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03/08/2019

Wolf Administration Tours Delaware Canal, Washington Crossing Historic Parks; Discusses How Restore Pennsylvania Could Address Infrastructure Needs

Upper Black Eddy, PA - Today, Department of Conservation and Natural Resources Secretary Cindy Adams Dunn toured Delaware Canal and Washington Crossing Historic parks to discuss how the Governor Tom Wolf's Restore Pennsylvania proposal would help address a deteriorating canal system, roadway repairs, erosion and other green infrastructure needs at the two parks bordering the Delaware River.

"Nature and history merge at these parks in a rich blend that draws more than a million visitors each year, but nature has been taking a heavy toll on park infrastructure," Dunn said. "We have deteriorating canal locks and gates, eroding towpath banks and roadways, and none can be repaired easily or cheaply. All require the type financial commitment Restore Pennsylvania can provide."

 Governor Wolf's Restore Pennsylvania plan would aggressively address the commonwealth's vital infrastructure needs. Funded through a commonsense severance tax, Restore Pennsylvania is the only plan that will help make Pennsylvania a leader in the 21st century.  

Stretching 60 miles north along the Delaware -- from Bristol, Bucks County, to Easton, Northampton County -- Delaware Canal State Park has been beset by river flooding and other high-water events in recent years.  Gate, lock and other canal repairs carry a $90 million price tag, according to Bureau of State Parks officials accompanying the secretary.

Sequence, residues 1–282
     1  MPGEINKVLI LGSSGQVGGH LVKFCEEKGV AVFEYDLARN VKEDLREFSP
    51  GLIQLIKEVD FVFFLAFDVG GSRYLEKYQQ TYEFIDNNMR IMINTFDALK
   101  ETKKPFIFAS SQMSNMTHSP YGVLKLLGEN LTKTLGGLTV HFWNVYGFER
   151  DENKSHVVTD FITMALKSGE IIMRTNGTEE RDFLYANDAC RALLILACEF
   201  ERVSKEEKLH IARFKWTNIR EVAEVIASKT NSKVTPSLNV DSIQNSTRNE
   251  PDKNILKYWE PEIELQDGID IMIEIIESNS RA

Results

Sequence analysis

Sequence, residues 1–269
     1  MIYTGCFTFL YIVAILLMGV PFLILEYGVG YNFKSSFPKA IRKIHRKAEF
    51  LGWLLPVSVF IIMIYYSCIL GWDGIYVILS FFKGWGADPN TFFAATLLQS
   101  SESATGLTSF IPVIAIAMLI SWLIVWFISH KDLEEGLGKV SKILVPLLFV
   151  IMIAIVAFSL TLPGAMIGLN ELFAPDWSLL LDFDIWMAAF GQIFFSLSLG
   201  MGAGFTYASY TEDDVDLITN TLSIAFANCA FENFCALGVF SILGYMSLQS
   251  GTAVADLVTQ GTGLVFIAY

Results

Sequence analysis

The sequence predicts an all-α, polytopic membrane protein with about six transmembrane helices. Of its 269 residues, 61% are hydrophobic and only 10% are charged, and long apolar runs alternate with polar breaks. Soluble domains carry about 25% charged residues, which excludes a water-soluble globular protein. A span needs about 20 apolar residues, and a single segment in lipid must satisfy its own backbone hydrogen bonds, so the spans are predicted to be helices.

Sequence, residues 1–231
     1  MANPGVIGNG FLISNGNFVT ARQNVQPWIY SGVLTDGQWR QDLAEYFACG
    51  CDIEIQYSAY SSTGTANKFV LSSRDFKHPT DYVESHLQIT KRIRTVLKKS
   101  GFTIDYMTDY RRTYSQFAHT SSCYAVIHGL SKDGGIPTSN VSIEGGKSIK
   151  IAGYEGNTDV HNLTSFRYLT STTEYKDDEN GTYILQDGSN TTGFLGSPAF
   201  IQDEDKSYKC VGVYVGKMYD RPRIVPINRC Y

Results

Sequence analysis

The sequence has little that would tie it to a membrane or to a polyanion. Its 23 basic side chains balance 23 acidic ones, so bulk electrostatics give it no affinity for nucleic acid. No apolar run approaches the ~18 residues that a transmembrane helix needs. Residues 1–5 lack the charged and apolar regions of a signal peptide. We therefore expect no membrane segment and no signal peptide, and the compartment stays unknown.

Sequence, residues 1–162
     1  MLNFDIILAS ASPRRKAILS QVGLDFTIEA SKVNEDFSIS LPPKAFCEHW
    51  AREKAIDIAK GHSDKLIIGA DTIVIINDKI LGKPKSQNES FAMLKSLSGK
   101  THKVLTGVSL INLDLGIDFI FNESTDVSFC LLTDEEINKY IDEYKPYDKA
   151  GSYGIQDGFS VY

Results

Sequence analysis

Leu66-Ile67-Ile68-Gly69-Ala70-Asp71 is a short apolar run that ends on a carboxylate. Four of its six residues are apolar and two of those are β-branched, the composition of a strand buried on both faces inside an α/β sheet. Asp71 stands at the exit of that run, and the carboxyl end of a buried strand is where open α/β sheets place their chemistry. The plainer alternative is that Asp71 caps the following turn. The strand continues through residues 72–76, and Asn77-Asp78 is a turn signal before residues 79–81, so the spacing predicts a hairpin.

Dunn and others also toured deteriorating roadways and restroom facilities at Washington Crossing Historic Park, which also is located on the Delaware. A National Historic Landmark, the park offers Colonial buildings that introduce visitors to living conditions during the Revolutionary era. The park provides historical and environmental education programs, as well as hosting special events and re-enactments. 

Washington Crossing originally was established as a state park in July 1917. The park was transferred to the Pennsylvania Historical Museum Commission in 1971, then returned to the state park system to be managed by DCNR's Bureau of State Parks. 

Delaware Canal State Park's focal point is the river and its historic canal and tow path, with original canal locks and bridges. Among the state's more diverse parks, Delaware Canal contains a 90-acre pond, many miles of river shoreline and 11 river islands. Also included in this state park complex is Ralph Stover State Park, along the Tohickon Creek in Bucks County.

To learn more, view the full Restore Pennsylvania plan (PDF).

MEDIA CONTACT: Terry Brady, 717-705-2225

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